Camp Cooking Tips You’ll Be Glad to Know
Be Chef Camping Cooking. Your Next Trip to the Great Outdoors Category a starting point
There are only a few items you really need for camp cooking: a mess kit with a cup, fork, knife and spoon set, a decent pocket knife, at least one collapsible water bottle, a lightweight stove, and for coffee drinkers, perhaps a small tea kettle. If hot dogs or bratwurst are on the menu, you might also consider a folding roasting stick
When selecting a mess kit, pass up the ultra-lightweight models. Look for something a little more substantial, especially for the frying pan. Teflon coating is a rational idea as long as you don’t use metal utensils during cooking or cleaning. Plastic bowls and cups work well; however, an insulated cup is your best choice for keeping hot liquids hot and cold liquids cold.
Titanium knife, fork, and spoon sets are overkill. Save a few dollars and purchase stainless steel. A small pocket knife, with a two- or three-inch blade is essential and will fill numerous camp duties. For conserving space, a collapsible water bottle such as Platypus’ plusBottle® comes in handy, is available in up to a 1-liter size, and is reasonably priced. Brewing coffee or boiling water for cleaning is best done with a small tea kettle, which is more stable than a larger coffee pot.
There is something very special about camp cooking. Everything just seems to taste so very good at camp! But camp cooking requires a different set of rules and equipment then those that we use at home. Camp cooking can be an activity in itself. Take some time to plan your meals and decide how you wish to prepare them. Outdoor cooking involves quite a bit of skill and innovation but with a little practice and creativity you too can become an “outdoor chef”. Enjoy not only the food but the process of preparing it
I feel as a Chef that food just tastes better when it’s cooked outdoors. Has anyone tried cooking on a outdoor gas grill. It’s so convenient and easy to use, and clean-up is a breeze with a gas grill. Not to mention that food cooked on this grill tastes really great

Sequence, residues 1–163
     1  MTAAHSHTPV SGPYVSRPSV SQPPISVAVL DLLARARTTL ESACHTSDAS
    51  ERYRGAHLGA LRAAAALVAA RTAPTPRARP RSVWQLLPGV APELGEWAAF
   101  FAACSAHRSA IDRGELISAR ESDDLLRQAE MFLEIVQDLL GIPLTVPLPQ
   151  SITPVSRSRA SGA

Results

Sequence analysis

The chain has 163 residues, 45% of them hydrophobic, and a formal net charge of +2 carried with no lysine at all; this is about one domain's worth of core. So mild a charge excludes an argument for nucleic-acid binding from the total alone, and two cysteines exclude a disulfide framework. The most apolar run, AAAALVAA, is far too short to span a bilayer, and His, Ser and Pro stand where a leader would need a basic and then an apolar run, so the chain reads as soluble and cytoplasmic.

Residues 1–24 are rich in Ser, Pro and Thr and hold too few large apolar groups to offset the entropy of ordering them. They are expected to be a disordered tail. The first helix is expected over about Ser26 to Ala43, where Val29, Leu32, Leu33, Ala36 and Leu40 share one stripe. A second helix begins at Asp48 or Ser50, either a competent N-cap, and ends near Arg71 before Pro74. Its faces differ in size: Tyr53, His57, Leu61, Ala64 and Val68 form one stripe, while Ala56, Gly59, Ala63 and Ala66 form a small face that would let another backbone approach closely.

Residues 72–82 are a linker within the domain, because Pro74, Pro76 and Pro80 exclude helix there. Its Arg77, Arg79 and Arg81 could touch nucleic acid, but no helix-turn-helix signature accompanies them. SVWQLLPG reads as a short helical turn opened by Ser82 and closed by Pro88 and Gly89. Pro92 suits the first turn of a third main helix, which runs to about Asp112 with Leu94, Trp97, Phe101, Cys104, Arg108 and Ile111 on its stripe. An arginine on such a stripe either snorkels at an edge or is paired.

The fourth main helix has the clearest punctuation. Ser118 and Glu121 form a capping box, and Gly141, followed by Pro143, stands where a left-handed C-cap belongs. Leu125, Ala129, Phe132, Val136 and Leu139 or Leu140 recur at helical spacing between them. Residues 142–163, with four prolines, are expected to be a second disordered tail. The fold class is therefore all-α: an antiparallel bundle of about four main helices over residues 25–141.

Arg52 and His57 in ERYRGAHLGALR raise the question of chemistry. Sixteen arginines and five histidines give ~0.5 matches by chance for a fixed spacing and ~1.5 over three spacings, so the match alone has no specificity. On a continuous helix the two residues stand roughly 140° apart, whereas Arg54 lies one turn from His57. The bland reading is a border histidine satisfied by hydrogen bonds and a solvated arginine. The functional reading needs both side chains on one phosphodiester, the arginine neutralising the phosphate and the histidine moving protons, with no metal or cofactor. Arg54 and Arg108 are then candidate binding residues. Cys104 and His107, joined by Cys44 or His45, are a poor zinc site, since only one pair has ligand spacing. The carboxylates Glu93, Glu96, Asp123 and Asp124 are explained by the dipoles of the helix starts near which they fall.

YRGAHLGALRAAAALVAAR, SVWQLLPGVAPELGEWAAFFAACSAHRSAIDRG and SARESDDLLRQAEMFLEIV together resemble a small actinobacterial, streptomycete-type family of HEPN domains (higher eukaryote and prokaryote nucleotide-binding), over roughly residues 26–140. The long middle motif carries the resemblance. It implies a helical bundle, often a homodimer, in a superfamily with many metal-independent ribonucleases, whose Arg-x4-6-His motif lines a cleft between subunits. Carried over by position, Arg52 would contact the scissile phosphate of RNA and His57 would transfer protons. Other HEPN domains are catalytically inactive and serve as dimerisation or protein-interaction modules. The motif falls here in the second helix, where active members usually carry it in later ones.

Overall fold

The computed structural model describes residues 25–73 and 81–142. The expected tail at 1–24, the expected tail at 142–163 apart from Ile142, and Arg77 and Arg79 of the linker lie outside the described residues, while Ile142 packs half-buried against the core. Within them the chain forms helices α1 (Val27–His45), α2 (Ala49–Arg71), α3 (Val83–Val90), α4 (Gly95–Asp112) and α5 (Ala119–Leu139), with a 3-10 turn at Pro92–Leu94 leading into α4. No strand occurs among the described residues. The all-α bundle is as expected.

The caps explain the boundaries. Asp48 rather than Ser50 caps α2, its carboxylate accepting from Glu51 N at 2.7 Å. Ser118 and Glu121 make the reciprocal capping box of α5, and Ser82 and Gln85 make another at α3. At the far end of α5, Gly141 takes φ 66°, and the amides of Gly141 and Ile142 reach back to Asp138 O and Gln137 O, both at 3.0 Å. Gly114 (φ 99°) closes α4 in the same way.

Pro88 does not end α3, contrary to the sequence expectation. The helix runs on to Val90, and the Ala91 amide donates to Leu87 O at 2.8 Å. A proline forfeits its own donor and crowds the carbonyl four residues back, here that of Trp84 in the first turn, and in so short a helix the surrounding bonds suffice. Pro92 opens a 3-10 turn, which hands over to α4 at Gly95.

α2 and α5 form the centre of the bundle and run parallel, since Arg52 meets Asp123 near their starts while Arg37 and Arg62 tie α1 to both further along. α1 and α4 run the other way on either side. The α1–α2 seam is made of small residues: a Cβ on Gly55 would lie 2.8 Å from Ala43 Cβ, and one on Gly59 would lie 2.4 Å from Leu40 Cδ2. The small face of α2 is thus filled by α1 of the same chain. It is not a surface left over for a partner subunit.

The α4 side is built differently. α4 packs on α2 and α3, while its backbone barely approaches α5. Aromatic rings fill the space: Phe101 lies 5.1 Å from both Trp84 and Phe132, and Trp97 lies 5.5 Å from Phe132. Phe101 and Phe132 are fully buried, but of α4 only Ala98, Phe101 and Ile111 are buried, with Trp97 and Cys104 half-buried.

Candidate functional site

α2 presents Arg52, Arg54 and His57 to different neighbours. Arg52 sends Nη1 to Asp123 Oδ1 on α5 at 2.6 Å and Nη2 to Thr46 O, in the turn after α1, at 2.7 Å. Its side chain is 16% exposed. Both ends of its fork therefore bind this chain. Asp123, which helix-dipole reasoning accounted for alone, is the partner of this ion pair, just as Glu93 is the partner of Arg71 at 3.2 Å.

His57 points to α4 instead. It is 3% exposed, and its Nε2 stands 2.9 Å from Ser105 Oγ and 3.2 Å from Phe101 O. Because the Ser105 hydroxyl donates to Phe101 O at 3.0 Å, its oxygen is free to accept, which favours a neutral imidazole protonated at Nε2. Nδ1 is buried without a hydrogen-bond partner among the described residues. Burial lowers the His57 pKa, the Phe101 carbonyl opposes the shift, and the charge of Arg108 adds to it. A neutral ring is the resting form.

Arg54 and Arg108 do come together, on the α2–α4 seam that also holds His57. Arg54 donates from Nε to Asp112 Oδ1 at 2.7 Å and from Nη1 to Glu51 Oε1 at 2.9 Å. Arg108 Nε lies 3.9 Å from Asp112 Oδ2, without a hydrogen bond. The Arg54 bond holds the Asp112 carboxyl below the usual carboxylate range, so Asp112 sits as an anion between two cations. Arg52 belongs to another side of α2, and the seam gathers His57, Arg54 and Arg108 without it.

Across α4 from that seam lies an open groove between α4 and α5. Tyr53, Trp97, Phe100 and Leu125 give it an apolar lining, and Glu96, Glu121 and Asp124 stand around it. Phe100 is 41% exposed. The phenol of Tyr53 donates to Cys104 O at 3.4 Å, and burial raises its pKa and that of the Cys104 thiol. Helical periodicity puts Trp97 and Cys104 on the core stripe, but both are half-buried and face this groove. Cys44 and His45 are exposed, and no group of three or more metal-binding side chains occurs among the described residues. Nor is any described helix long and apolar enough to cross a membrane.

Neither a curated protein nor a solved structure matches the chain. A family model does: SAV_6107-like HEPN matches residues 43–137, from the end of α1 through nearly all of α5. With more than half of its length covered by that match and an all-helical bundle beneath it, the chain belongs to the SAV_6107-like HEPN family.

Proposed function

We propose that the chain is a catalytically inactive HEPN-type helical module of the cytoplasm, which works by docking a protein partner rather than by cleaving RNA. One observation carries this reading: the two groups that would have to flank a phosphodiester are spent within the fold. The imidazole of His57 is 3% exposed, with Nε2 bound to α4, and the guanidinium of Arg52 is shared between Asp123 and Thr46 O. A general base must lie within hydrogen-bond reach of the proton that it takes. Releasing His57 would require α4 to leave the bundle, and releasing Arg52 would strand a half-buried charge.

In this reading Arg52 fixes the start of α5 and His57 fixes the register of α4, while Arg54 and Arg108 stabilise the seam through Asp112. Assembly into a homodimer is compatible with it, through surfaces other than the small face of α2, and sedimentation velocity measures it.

For convenience and speed, most campers insist on a small stove. Size matters here. Forget your dad’s old Coleman two burner. Today’s lightweight stoves have seen tremendous innovation in the past few years. Multi-fuel stoves are very popular. Some, like the Optimus Nova, can burn white gas, kerosene, jet fuel, auto, and even diesel fuel! Be sure to pick up the required tank when purchasing a stove. While tanks may not be included in the price, your stove won’t work without one. Another consideration with multi-fuel stoves is cost. Keep in mind that generally, the more options for fuel that your stove can burn, the more expensive the model
Waterproof matches or a lighter are of course a must whether lighting a stove or campfire. Pot holders are useful items, although a heavy riding glove can be used in a pinch. If your meals will include pancakes or hamburgers, be sure to add a wooden spatula, large spoon, or wire whip to your equipment list.
No one likes doing the dishes, but it’s a fact of life at home and on the road. A small dish towel, rag or scrubbing pad, and dish soap will make short work of this task
Coconut Rum Grilled Shrimp with Spicy Pineapple Puree
Make these grilled shrimp with the fabulous combo of coconut and rum. The ingredients in this marinade make a dynamite taste for shrimp destined for the grill. We served ours with this spicy pineapple puree.
What do you cook while camping
the hot dogs while camping. Cook breakfast, lunch, and dinner over the open fire and make meals that taste better than anything you could cook at home